Title:  Throne of Darkness by Douglas Nicholas

Publisher: Simon and Schuster, Emily Bester Books. 327 pp

Genre: fantasy, science fiction, medieval England, English historical, series

4.5 stars

Storyline:

Douglas Nicholas is an award winning poet as well as the author of this outstanding medieval series which began with Something Red. I discovered him several years ago and was lucky to read the first two, plus e-novella The Demon back to back. I eagerly awaited the third installment but life intervened. When I rolled into Rochester Sunday my first stop was the library because I had checked their website and this book was on the shelf! I would have purchased it, indeed I would like the series, but they are hard to find. This author deserves a much wider audience. I am reminded of what a great library we have here.

We are now in 1215 northern England with the established characters of Irish queen Maeve (Molly when in English soil), Jack her lover/protector/ warrior, her gifted granddaughter Neiman and her husband Hob (Robert of England). They use the guise of traveling musicians/healers as they journey through the countryside garnering allies while tackling fantastical, supernatural beasts. This time King John is coordinating an attack on his rebellious knights and barons with an African sorcerer and the Cousins, blacksmiths who can become savage hyenas. Seemingly impossible odds.

The accurate historical detail and rich evocative prose make this a fascinating, spellbinding tale. Others have considered this a coming of age novel (Hob’s story) while some say it is Harry Potter for adults. I find each thread compelling and equally important. Each novel is a complete story but again I feel reading them in order is best for the developing characterization. I find it amazing to be so easily transported back to this time period. It is a brilliant, profound adventure fantasy. Even better the next in the series Three Queens in Erin is expected March 2017. My only worry is it will be the end of the series.

Read on:

Dave Duncan’s The King’s Blades, The King’s Daggers

Tim Powers The Drawing of the Dark and early novels

GRR Martin The Game of Thrones

Ancient Forests

Title: The Trees by Ali ShawPublisher: Bloomsbury 2016 496pp

Genre: fantasy, dystopian, fiction, English literature,

4.5+ stars

Author:

Ali Shaw graduated from Lancaster University with a degree in English literature. He has worked as a bookseller and at the Bodleian library, Oxford. His first book The Girl With the Glass Feet won the Desmond Elliott Prize and was shortlisted for the Costa First Novel and longlisted for the Guardian First Novel.

Story line:

When a review says: The Trees does for trees what Hitchcock did for birds. You’ve been warned. (Irish Times) you are compelled to read this. Especially if the author is Shaw. His writing is amazing, evocative, enthralling and quite unsettling at times. The rich poetic descriptions reveal a multilayered story with self discovery, friendships, survival, justice, folklore and fairytale fantastical elements. The magic is both light and dark. I loved his surprising first book, The Girl with Glass Feet. Shaw’s books deserve a much wider audience for the clever mastery of language alone. Add the original characters and you have yourself a new author to follow.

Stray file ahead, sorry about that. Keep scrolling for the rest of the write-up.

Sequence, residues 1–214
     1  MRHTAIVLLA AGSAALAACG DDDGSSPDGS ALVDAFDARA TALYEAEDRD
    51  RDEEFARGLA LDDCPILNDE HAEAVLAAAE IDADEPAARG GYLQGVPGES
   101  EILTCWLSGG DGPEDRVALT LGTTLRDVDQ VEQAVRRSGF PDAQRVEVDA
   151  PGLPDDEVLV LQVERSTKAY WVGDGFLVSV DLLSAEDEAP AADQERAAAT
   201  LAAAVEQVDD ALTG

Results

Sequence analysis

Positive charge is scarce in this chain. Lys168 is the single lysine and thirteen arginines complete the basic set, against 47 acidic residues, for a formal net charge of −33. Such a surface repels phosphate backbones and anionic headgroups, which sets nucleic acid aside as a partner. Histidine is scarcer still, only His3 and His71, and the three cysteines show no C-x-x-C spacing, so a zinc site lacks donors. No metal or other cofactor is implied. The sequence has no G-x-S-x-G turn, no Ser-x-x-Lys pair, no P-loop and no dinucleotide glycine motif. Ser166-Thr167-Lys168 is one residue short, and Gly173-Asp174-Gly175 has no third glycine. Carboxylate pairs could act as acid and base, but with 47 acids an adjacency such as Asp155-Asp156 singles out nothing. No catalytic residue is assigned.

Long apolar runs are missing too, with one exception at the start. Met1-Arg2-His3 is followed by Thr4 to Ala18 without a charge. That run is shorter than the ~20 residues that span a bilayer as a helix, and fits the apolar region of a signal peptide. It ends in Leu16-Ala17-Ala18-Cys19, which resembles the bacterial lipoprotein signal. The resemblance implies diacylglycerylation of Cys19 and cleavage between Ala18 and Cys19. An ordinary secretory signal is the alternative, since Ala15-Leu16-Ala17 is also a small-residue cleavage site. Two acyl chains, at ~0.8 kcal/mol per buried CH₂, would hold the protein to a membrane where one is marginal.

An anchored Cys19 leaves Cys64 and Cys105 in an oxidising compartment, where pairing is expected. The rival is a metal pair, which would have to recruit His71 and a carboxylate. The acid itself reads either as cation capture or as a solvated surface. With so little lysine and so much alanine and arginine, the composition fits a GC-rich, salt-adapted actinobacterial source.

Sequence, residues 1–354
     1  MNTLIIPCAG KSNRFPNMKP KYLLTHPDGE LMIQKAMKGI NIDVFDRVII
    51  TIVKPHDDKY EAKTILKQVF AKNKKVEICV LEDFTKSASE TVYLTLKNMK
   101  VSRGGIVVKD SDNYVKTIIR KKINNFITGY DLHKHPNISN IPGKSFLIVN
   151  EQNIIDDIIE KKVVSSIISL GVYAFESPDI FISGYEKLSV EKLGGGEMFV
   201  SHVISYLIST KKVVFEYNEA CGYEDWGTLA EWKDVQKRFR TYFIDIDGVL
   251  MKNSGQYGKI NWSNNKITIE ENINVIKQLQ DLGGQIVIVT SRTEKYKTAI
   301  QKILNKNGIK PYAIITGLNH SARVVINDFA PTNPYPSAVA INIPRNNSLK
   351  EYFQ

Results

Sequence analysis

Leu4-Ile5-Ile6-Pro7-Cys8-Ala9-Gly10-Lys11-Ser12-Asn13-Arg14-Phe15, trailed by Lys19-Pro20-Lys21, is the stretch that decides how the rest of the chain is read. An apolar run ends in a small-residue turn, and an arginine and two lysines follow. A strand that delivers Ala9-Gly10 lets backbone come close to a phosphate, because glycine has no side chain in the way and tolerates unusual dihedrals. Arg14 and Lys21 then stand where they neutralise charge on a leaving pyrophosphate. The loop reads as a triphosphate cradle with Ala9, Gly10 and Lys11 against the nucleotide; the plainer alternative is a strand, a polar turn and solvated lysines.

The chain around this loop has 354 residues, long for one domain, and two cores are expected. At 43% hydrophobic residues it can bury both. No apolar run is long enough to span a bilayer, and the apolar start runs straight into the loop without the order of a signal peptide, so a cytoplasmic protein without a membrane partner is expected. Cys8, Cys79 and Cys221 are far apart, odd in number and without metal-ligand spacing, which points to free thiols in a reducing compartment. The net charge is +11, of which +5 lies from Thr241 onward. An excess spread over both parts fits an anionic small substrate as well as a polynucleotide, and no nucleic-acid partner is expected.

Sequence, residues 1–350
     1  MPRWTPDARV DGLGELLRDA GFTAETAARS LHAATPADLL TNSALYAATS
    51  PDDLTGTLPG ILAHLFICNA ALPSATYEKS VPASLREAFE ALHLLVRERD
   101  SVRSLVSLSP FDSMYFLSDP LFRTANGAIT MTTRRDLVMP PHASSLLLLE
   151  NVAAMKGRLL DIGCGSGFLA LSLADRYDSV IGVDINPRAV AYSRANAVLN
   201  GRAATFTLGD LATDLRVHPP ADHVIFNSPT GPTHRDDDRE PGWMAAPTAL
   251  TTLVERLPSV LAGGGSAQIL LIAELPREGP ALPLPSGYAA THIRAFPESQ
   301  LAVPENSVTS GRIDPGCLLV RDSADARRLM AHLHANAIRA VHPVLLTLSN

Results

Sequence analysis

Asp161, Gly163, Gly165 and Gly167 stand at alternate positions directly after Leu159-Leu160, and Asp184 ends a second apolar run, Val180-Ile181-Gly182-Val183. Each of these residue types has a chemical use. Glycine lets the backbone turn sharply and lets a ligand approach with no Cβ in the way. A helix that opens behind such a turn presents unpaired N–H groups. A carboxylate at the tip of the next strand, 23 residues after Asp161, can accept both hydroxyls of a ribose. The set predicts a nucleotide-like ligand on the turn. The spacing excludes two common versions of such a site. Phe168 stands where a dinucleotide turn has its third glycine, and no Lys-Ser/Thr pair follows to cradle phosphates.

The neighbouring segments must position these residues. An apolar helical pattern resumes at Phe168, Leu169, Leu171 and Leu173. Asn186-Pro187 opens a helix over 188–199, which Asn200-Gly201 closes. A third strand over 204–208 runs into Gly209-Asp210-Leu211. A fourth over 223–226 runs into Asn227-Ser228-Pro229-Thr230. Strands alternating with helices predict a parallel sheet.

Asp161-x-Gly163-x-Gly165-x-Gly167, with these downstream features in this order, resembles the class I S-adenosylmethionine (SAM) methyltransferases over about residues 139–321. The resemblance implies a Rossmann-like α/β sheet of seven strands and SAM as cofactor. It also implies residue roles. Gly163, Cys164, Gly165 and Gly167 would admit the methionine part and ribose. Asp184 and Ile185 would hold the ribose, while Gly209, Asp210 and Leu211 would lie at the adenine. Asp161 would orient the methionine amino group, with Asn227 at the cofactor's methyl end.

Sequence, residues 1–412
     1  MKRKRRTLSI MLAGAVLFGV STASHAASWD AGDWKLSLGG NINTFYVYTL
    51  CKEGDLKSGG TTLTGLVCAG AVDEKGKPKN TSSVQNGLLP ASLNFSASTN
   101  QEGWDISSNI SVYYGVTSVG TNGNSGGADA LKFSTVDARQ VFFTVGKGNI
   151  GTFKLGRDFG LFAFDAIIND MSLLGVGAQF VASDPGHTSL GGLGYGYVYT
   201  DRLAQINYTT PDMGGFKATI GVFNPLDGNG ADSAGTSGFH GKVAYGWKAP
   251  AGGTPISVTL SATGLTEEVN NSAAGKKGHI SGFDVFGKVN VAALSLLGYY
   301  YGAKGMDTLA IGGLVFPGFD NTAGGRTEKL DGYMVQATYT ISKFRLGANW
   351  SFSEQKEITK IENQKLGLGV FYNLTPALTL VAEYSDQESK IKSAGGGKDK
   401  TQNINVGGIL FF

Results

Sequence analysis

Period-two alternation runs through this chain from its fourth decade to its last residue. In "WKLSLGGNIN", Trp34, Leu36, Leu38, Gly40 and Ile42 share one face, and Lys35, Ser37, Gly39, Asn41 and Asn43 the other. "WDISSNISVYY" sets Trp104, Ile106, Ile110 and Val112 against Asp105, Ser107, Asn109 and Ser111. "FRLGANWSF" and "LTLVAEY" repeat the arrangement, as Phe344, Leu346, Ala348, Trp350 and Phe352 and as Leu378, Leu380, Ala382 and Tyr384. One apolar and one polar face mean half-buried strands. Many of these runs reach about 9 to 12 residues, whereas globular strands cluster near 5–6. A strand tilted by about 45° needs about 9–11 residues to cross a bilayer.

What would you do if giant ancient forests were created overnight, destroying civilization as you know it? How would you adapt? This book is quite thought provoking, as well as haunting. I found the questions of what is wild, and how do humans relate to and abuse the environment even more important to have recognized and discussed now. There is great character development in these unlikely protagonists as they go in search of their loved ones and learn to cope with the new normal. Their actions have consequences, but we find hope in the strangest places. And the journey is ultimately what is important. It’s rather epic. I loved that the forester was going to have all the answers. 

Highly recommend. This book will remain long after you finish, and also make for an interesting book club discussion.

Read On:

Of Bees and Mist (Erick Setiawan), The Winter’s Tale(Mark Helprin), Perdita (Hilary Scharper), The Snow Child (Eowyn Ivey), Gossip from the Forest (Sara Maitland), Uprooted (Naomi Novik) or if you like Neil Gaiman, Gregory Maguire

Quotes:

The forest burst full-grown out of the earth, in booming upper-cuts of trees and bludgeoning branches. It rammed through roads and houses alike, shattering bricks and exploding glass. It sounded like a thousand trains derailing at once, squeallings and jarrings and bucklings all lost beneath the thunderclaps of broken concrete and the cacophony of a billion hissing leaves. Up surged the tree trunks, up in a storm of foliage and lashing twigs that spread and spread and then, at a great height, stopped.

In a blink of an eye, the world had changed, There came an elastic aftershock of creaks and groans and then, softly softly chinking shower of rubbled cement. Branches stilled amid the wreckage they had made. Leaves calmed and trunks stood serene. Where, not a minute before, a suburb had lain, there was no only woodland standing among ruins ….”